Navy Referees Get the Monkey off their Back
RNAS Yeovilton was the venue for an excellent training day to kick start the 2013-2014 season for the Royal Navy Rugby Union’s Referee Society members. Training officer Gaz Fairbairn had put together a thought-provoking day of topics and speakers that generated lively debate and was certainly informative.
Much of the day was spent studying the new scrum engagement sequence and the implications of this significant change. With the crooked feed now once more being refereed there were already tales of that rarest of sightings, namely that ‘foot up’ had made a return to the rugby pitch. However the focus was not on trying to catch the players out but rather to ensure that the scrum once more returns to a real contest within the game and as importantly a contest that occasionally produces the ball to the back line!
The new sequence is the result of a two year study by the International Rugby Board and extensive trials at Bath University. It has removed much of the force from the initial ‘hit, which in the past, due to safety considerations, had become almost the sole focus of the referees attention. Hopefully with the new engagement sequence the rest of the scrum can now be managed effectively. With props and hookers having to relearn some old skills the younger referees were able to benefit from one or two older members who took the opportunity to wax lyrical on the black arts of the front row from yester year. However ultimately it was agreed that the tried and tested format remained as valid as ever. Time invested in the initial preparation and ensuring that the scrum was set up well in the first place would significantly increase the chances of a successful end.
With the morning technicalities of scrum play complete, the afternoon included three sessions that very much dealt with development of the whole referee and in particular some of the ‘softer’ skills required to be successful. First Dave Trewin, on the Devon Society of Rugby Referees, spoke about his role as a referee assessor. This led into a wider debate on coaching skills in terms of personal development and ensuring that the referee took a degree of ownership of his personal development. As ever Dave provided some excellent pearls of wisdom and fully deserved his thank you from Gaz, on behalf of all Navy Referees, at the end. Dave has stood on wind and rain swept touchlines over many years helping out aspiring Navy Referees. In all of this time he has, regrettably, been totally inappropriately dressed for duties with the Senior Service. With the presentation of a very smart Navy Rugby touchline jacket he was reminded that his Army Referees issued coat was no longer expected to be seen at Navy games. As a former Royal Marine this should present too much of a problem.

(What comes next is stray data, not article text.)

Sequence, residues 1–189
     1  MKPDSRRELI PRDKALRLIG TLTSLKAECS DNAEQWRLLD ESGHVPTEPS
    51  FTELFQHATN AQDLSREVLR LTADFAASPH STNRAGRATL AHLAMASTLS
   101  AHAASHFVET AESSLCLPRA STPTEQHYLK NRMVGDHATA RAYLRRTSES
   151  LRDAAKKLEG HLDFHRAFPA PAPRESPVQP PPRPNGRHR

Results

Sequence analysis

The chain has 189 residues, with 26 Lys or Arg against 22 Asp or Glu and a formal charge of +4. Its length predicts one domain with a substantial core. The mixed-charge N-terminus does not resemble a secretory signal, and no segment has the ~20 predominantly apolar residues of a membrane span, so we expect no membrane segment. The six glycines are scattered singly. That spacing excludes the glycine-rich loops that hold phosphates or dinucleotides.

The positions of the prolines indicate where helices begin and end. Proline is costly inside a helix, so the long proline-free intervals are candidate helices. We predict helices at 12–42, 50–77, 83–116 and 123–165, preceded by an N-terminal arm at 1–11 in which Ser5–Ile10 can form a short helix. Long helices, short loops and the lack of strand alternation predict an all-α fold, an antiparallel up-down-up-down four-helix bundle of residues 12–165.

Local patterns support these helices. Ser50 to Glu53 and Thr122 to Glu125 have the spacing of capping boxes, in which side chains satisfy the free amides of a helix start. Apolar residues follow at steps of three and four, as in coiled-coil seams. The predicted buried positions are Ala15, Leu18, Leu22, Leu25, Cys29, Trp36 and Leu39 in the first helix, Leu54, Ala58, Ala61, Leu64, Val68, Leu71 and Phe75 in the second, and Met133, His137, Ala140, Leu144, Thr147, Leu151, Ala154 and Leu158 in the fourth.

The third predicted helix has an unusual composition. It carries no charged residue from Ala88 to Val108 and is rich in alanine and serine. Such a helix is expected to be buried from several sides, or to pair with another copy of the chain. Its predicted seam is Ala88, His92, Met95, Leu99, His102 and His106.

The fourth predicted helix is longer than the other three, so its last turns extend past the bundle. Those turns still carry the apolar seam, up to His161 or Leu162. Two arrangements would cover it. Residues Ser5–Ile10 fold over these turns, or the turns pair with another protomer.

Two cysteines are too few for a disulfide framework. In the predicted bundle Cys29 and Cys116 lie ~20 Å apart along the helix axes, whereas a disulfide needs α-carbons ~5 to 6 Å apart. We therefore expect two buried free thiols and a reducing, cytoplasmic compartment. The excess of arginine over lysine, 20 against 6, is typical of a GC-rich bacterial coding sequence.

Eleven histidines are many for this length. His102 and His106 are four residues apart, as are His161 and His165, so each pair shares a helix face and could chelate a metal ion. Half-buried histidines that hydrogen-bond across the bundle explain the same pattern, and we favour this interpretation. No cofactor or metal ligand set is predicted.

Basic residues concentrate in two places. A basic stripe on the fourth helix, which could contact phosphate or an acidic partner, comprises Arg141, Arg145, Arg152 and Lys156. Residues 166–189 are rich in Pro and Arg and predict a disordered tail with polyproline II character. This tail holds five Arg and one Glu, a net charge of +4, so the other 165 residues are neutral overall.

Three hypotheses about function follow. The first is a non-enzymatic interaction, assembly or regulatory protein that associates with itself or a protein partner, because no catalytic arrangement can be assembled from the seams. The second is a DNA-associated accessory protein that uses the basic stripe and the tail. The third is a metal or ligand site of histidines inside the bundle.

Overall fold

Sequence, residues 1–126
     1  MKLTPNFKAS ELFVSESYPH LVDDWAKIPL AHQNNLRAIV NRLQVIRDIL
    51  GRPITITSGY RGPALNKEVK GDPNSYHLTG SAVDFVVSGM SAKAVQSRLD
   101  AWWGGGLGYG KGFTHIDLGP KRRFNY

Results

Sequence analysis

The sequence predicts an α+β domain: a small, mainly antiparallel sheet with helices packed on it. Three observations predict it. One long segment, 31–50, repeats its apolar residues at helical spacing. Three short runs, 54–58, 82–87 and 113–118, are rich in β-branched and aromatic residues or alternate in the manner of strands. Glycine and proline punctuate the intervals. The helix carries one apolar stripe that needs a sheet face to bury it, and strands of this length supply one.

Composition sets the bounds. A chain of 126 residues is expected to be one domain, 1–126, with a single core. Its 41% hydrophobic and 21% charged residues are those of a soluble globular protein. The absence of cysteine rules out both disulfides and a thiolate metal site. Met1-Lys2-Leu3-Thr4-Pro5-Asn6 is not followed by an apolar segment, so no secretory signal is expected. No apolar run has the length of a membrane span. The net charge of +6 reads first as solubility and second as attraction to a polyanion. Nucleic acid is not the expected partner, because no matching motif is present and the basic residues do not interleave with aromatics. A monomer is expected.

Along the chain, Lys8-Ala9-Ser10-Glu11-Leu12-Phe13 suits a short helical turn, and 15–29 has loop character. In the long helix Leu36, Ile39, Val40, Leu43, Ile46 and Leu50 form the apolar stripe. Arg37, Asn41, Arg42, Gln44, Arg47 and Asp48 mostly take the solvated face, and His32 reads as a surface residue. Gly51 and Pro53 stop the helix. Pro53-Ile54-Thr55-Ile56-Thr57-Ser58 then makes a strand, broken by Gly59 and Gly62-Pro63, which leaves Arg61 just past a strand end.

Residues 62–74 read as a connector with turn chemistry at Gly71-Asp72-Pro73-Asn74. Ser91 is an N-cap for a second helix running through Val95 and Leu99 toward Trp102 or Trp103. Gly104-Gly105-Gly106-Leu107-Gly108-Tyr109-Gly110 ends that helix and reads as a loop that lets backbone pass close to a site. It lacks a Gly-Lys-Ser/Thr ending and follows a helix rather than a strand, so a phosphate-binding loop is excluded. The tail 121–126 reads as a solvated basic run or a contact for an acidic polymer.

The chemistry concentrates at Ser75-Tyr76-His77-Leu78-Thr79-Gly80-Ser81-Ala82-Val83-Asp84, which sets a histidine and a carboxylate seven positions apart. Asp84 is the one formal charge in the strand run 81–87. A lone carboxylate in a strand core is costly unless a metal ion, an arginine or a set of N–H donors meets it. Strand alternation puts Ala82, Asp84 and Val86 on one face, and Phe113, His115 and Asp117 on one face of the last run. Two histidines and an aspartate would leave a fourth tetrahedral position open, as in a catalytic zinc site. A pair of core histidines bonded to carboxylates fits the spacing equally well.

The second guest speaker was Professional Referee Unit member Keith Lewis, who this season is one of the RFU’s television match officials. Known to many society members, through his role as Hampshire Referees Training Officer, he first explained his role and then produced some clips to allow the attendees to place themselves in the TMO’s shoes. All agreed that the role was not as easy at it first seems. The role exists to try and ensure that more decisions are correctly made more often. The referee remains key to this role and must ensure that the communication between the field and the production van is clear, concise and also that the right question is asked. Working in doors now, Keith clearly had no need for a coat but instead received a bottle of Navy finest. If you disagree with any of his television decisions this may explain the reason why!
Between the presentations of Dave Trewin and Keith Lewis, former Navy Referees Chairman, Stew Kilby, had presented an excellent session based on Dr Steve Peters work, the Chimp Paradox. The session gave insight into how decisions can be clouded by emotional thought processes being dominant over more logical (and considered) thought processes. Steve Peters has achieved worldwide success with his work, not least through British Cycling’s Olympic Programme and the professional Team Sky Pro Cycling. Unbeknown to Stew at the beginning of his session the audience also included a pupil of Dr Peters. Navy and Staffordshire Referee also Navy doctor, Steve Woolley, had been taught at Hallam University, by Dr Peters so was able to add some extra value to an already enthralling session.
A packed but very well balanced training day has certainly set up the Navy’s whistlers for the season. And for the players hopefully better and more enjoyable games. If you don’t think that has been the case then perhaps after your match and with the offer of a consolatory pint, you may wish to approach your ref and ask “Were you just being a Chimp today?”